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Maternal pregnancy complications and perinatal outcome are shown the 1 last update 05 Aug 2020 in Table 2. A total of 18 of 59 live born infants (31%) were born preterm due to either spontaneous onset of labor (7%) or termination of pregnancy due to obstetrical reasons (24%). Four pregnancies (6.6%), including one induced abortion at 14 weeks’ gestation, were complicated by major congenital malformations (two cardiac malformations, one with multiple additional malformations; one gastroschisis; and one anencephaly). HbA1c at admission was 7.3% (range 5.7–8.5%) in these women. Two of the four women who gave birth to children with malformations were treated with oral hypoglycemic agents. The first woman had HbA1c of 7.3% at admission and was on metformin, 1 g twice a day until 15 weeks’ gestation. She had a child with multiple malformations, including cardiac malformations, who died at 6 months of age. The other woman, who had HbA1c of 8.5% at admission, had taken metformin, 1 g three times daily until 10 weeks’ gestation. The pregnancy was terminated after 14 weeks’ gestation due to fetal anencephaly. The perinatal mortality was 6.7% (4/60) and, in one case, was related to major congenital malformations. Overall, 7 of the 61 pregnancies (11%) were complicated by serious adverse fetal outcome. In these pregnancies, median HbA1c at admission was 7.4 (range 5.7–10.3%) compared with 6.6% (4.9–11.7%) in the remaining pregnancies (P = 0.14). In the multivariate regression analyses among the type 2 diabetic pregnancies, no independent variable associated with serious adverse fetal outcome was found.Maternal pregnancy complications and perinatal outcome are shown in Table 2. A total of 18 of 59 live born infants (31%) were born preterm due to either spontaneous onset of labor (7%) or termination of pregnancy due to obstetrical reasons (24%). Four pregnancies (6.6%), including one induced abortion at 14 weeks’ gestation, were complicated by major congenital malformations (two cardiac malformations, one with multiple additional malformations; one gastroschisis; and one anencephaly). HbA1c at admission was 7.3% (range 5.7–8.5%) in these women. Two of the four women who gave birth to children with malformations were treated with oral hypoglycemic agents. The first woman had HbA1c of 7.3% at admission and was on metformin, 1 g twice a day until 15 weeks’ gestation. She had a child with multiple malformations, including cardiac malformations, who died at 6 months of age. The other woman, who had HbA1c of 8.5% at admission, had taken metformin, 1 g three times daily until 10 weeks’ gestation. The pregnancy was terminated after 14 weeks’ gestation due to fetal anencephaly. The perinatal mortality was 6.7% (4/60) and, in one case, was related to major congenital malformations. Overall, 7 of the 61 pregnancies (11%) were complicated by serious adverse fetal outcome. In these pregnancies, median HbA1c at admission was 7.4 (range 5.7–10.3%) compared with 6.6% (4.9–11.7%) in the remaining pregnancies (P = 0.14). In the multivariate regression analyses among the type 2 diabetic pregnancies, no independent variable associated with serious adverse fetal outcome was found.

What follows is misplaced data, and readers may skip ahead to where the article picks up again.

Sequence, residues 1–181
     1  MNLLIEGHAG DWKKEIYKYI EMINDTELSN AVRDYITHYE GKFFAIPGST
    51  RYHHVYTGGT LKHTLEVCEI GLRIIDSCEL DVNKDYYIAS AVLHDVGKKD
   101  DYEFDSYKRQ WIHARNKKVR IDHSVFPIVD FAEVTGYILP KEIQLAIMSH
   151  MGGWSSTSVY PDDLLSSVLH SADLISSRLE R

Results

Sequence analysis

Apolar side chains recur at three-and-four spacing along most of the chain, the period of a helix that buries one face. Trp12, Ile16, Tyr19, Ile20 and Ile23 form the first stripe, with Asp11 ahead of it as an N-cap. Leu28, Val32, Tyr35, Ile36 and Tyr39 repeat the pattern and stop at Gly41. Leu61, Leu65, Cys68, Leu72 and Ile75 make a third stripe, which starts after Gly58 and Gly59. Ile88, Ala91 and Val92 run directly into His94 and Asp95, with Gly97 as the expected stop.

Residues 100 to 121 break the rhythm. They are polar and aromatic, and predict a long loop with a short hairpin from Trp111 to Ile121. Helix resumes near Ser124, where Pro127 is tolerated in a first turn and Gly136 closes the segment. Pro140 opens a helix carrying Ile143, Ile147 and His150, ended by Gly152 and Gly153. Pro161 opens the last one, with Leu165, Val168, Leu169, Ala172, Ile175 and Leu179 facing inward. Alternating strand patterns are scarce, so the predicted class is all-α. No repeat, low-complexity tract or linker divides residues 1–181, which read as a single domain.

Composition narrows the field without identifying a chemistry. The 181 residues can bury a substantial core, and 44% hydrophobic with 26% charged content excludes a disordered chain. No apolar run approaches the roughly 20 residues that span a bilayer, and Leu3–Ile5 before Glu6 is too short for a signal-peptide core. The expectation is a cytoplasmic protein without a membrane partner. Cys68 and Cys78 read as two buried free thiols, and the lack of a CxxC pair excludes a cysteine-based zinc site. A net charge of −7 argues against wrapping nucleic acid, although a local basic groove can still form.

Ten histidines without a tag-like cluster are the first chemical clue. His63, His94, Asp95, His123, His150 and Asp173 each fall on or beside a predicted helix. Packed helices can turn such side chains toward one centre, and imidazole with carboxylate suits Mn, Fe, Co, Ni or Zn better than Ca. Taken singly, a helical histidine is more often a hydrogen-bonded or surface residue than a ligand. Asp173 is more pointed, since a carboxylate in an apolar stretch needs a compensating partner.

Outcome of pregnancies in women with type 2 diabetes compared with type 1 diabetes during 1996–2001

Women with type 2 diabetes were significantly older, were more obese, were more often of non–Nordic-Caucasian background, were more parous, and had fewer caesarean deliveries. Median duration of diabetes was significantly lower, and metabolic control, as judged by HbA1c, was better during pregnancy in women with type 2 diabetes than women with type 1 diabetes (Table 1). Gestational age at birth was significantly higher in pregnancies of women with type 2 diabetes compared with women with type 1 diabetes (P = 0.03), and the perinatal mortality was increased compared with both women with type 1 diabetes (RR 4.0, 95% CI 1.0–15.5) and the background population (8.9, 3.4–23.0). Likewise, there was a tendency toward a higher malformation rate compared with women with type 1 diabetes (2.3, 0.7–7.4) and the background population (2.3, 0.9–6.0). Maternal complications in pregnancy as well as neonatal outcomes other than those mentioned above were comparable in the two groups (Table 2).

In multivariate logistic regression analysis in the pooled group of women with either type 2 or type 1 diabetes during 1996–2001, high HbA1c at admission and type 2 diabetes were found to be independently associated with serious adverse fetal outcome (OR 5.3, 95% CI 1.5–19.0 and 3.4, 1.2–9.6, respectively).

Comparison of pregnancy outcome for women with type 2 diabetes during 1996–2001 and women with type 2 diabetes during 1980–1992